Tue
Oct 3 2017
07:06:am

For the 2nd or 3rd time, it has been announced that the old ALCOA West Plant will be developed as a City of Alcoa town center with a mixed-use design including retail, office, and residential.

A concern with this site is that it is classified as a brownfield, the site has a limited number of known environmental constraints affecting development placement.

It is not easily determined by a mere citizen what areas of the site are contaminated.

I received a report from a resident that went to the most recent meeting. Indications are that the contaminated areas will be covered so that the sites are not disturbed and will not be hazardous.

My concern is I would like to know what areas are contaminated so that I do not go to those areas. More specifically, I would hope that they will not build on those sites. Protections can fail.

For example, in May, 2017, it was reported by the Maryville Daily Times, the Alcoa High School baseball field was placed on an old parking lot for ALCOA Inc.’s fabrication plant. "Under the warranty deed for the property, the school district could not remove the parking surface because of possible contamination on the site and instead covered it with 12 to 15 inches of fill dirt." The fix has failed and created a swamp and an unusable ball field. "Alcoa City Schools will need permission from both the Tennessee Department of Environment and Conservation and Arconic Inc. (previously ALCOA)" to fix the problem.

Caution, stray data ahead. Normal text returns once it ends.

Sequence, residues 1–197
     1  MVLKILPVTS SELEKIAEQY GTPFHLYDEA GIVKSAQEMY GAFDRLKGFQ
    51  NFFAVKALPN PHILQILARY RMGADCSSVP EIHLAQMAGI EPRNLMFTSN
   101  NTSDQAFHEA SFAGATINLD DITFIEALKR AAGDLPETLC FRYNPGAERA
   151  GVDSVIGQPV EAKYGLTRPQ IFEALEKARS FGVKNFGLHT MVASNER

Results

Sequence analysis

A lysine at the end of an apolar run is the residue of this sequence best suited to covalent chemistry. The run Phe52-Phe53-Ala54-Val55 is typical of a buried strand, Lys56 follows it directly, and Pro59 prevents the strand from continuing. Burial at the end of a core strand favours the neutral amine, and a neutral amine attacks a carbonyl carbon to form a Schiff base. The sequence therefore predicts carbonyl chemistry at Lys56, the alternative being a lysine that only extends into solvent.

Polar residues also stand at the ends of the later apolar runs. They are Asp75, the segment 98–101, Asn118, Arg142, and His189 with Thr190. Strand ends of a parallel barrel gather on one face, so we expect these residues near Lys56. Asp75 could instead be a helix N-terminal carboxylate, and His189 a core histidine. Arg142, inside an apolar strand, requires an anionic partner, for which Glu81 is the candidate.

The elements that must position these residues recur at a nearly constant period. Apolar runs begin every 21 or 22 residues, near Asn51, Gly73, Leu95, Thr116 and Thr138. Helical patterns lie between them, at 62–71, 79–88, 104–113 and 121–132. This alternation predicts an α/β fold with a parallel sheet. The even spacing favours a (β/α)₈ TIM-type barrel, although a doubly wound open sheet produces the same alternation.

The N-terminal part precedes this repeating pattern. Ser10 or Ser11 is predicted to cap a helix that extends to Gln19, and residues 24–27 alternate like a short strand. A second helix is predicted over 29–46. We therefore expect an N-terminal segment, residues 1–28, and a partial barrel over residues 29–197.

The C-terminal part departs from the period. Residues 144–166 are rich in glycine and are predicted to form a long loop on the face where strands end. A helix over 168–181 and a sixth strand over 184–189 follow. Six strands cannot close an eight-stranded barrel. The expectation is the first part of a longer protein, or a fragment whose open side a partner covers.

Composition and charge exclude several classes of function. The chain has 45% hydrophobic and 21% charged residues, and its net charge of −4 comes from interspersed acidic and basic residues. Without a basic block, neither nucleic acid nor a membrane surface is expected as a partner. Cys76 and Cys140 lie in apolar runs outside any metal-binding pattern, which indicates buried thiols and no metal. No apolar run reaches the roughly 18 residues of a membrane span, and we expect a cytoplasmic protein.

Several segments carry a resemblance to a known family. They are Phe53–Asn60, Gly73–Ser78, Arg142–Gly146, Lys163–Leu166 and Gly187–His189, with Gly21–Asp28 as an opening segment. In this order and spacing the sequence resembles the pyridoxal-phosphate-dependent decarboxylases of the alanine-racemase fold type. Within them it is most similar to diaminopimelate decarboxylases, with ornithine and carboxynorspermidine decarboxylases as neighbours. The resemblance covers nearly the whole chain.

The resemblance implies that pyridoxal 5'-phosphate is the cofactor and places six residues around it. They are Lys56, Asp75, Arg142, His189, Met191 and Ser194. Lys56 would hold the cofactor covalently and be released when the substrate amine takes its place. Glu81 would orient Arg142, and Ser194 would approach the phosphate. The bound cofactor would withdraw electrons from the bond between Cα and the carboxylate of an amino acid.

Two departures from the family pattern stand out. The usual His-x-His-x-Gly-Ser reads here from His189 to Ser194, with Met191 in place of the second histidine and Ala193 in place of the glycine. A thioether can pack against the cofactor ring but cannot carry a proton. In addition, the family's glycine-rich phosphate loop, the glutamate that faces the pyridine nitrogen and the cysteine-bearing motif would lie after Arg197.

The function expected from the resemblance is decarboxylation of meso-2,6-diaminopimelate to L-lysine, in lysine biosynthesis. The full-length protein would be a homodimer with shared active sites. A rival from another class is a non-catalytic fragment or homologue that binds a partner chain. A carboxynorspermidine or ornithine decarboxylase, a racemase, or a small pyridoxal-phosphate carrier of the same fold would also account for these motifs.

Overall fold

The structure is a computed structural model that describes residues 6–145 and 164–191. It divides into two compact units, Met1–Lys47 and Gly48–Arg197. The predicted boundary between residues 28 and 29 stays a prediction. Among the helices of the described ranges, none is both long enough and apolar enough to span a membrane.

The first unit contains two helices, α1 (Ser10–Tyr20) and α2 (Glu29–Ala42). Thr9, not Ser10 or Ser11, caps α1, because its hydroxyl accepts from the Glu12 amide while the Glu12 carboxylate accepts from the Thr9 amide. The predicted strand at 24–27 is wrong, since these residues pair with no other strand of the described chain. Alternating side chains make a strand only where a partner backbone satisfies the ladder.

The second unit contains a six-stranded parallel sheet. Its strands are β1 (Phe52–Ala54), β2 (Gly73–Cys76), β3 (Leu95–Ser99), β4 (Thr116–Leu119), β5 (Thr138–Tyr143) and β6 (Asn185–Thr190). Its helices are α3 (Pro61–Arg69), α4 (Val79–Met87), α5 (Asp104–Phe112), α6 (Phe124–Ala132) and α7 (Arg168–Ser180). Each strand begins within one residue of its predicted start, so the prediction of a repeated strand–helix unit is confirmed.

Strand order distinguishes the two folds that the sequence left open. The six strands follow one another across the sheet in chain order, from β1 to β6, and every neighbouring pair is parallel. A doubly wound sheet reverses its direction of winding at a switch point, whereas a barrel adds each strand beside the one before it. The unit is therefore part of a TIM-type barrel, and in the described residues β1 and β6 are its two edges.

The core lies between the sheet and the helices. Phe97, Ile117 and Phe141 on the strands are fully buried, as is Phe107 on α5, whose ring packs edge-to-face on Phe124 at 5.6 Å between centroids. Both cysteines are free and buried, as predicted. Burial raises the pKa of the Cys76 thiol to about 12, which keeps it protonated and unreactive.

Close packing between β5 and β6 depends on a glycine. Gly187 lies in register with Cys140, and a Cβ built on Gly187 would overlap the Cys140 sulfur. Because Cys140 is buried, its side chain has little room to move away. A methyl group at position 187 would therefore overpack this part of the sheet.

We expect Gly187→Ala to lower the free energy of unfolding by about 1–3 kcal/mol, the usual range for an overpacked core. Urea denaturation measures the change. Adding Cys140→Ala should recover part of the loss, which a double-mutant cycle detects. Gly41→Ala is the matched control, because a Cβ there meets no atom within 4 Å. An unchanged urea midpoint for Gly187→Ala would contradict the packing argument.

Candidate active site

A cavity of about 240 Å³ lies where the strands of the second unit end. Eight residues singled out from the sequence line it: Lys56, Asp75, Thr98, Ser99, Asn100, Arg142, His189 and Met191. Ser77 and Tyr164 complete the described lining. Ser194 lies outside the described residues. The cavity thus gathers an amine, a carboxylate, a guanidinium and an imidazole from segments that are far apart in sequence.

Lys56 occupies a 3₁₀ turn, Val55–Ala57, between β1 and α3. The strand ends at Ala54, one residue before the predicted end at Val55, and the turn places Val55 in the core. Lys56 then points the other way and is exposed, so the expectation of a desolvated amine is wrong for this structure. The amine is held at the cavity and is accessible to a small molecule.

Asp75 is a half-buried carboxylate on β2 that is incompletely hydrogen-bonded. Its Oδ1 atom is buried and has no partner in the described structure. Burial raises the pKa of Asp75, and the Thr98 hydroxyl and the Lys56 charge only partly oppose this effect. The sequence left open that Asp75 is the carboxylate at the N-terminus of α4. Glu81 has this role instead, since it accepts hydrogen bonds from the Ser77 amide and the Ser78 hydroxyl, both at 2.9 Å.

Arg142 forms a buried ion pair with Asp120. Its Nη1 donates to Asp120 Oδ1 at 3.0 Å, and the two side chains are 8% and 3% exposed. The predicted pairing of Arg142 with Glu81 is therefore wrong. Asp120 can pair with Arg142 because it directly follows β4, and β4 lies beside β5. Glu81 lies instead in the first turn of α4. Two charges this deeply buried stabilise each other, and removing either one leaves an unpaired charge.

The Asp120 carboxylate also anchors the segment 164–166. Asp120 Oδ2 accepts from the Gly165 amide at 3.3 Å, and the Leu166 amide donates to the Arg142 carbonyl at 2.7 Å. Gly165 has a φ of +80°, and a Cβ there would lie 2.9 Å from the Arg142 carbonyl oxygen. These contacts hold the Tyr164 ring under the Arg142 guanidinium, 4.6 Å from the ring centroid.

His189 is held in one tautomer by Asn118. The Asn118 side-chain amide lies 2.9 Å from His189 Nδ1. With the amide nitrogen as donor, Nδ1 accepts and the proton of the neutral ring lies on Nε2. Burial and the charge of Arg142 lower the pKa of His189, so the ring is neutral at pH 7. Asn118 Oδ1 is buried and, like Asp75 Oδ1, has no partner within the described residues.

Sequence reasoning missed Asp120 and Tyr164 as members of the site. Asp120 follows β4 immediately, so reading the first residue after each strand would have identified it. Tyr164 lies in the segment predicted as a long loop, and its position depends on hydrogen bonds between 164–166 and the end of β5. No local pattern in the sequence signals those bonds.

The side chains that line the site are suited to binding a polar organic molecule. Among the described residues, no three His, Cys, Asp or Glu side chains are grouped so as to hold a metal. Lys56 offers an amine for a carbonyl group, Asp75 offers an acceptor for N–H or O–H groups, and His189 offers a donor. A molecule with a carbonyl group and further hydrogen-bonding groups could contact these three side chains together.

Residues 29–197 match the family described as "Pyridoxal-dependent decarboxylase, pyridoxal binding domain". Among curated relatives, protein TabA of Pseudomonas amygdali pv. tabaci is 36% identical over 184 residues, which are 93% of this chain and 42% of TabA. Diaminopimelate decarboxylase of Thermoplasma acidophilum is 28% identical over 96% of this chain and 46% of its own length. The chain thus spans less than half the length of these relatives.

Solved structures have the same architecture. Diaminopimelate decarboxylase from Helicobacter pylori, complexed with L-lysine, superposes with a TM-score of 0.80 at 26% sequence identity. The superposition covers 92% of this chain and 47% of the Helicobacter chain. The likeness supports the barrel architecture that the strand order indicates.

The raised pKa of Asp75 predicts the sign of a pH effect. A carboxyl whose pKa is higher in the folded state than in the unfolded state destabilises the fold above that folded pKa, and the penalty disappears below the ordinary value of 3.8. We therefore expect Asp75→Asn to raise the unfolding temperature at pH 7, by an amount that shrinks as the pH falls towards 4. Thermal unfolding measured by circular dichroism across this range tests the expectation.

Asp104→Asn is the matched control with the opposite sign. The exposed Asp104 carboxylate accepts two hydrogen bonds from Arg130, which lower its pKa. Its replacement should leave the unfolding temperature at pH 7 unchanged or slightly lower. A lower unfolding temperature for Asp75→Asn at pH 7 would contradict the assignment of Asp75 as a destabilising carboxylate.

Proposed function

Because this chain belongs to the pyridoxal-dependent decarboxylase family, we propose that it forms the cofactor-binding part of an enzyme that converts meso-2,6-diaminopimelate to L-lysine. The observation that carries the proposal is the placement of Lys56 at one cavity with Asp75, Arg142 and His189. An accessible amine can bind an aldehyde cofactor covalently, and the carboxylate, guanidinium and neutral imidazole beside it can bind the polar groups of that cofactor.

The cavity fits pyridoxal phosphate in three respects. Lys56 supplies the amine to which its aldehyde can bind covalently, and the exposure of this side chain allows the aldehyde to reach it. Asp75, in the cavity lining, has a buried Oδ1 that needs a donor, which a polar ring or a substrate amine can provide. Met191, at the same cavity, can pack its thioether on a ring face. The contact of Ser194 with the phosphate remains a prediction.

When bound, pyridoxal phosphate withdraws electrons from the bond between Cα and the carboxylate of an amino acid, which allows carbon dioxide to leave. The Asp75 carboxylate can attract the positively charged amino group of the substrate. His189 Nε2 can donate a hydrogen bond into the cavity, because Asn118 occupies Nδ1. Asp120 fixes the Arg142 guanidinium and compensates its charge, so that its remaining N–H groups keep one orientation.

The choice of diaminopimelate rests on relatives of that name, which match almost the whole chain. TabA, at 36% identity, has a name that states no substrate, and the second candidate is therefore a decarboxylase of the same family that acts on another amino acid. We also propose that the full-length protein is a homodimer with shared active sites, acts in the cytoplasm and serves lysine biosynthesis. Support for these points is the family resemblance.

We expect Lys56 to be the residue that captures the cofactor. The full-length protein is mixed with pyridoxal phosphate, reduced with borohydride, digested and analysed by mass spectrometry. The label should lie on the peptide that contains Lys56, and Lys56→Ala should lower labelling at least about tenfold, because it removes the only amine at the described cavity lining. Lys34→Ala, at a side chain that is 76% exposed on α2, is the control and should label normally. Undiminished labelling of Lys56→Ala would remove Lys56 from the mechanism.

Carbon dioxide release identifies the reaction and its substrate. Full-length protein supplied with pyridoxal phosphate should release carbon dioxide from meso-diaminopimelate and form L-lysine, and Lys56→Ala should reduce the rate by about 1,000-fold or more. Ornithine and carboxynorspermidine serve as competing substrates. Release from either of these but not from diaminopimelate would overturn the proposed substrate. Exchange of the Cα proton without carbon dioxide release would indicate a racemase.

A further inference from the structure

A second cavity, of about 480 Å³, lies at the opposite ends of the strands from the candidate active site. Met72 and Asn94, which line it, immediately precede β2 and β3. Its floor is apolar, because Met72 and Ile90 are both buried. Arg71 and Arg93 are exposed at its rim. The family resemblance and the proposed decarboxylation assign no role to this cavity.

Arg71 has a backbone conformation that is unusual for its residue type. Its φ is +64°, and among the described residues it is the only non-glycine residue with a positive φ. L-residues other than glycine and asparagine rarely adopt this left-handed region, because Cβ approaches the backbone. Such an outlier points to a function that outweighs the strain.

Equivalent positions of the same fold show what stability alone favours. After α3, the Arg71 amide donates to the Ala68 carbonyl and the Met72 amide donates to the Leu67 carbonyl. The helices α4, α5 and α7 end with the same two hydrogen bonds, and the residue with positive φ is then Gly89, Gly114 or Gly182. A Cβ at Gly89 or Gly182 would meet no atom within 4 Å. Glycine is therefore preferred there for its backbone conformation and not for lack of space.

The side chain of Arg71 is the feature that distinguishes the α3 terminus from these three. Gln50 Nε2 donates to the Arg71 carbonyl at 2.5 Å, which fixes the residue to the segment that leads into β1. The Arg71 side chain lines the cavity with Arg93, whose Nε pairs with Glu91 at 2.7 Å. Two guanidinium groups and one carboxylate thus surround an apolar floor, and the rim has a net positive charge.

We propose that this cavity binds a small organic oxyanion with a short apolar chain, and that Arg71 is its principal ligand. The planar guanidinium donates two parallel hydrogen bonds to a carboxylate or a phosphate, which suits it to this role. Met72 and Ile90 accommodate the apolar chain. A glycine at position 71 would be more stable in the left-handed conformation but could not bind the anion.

We can only hope these contamination problems can be remediated so that problems don't cause problems in the future or reappear.

FEMA super fund site

If you overlay the 50 acre outline of the old West Plant building, there you’ll find the “brownfield”

Lots of extensive productive alloy experiments went on there, and the floor was vertical timbers that acted like soda straws, sucking all the metals & other periodic table beasts, spilled on the floor, way down into the soil.

It is pitiful, that Kinsey Probasco & Hayes original vision of tying McGhee Tyson Airport to the Norfolk-Southern line, through the development, and all the way to Knoxville, was ...

... immediately dashed, ridiculed, and finally sentenced to death, by placing a new High School over the old rail bed. Mark Johnson, Don Mull, & Clint Abbott remain liable for destroying that concept; but that’ll be their yoke to bear, and to explain to their descendants, why their short-sightedness wiped out any hope of transportation diversity.

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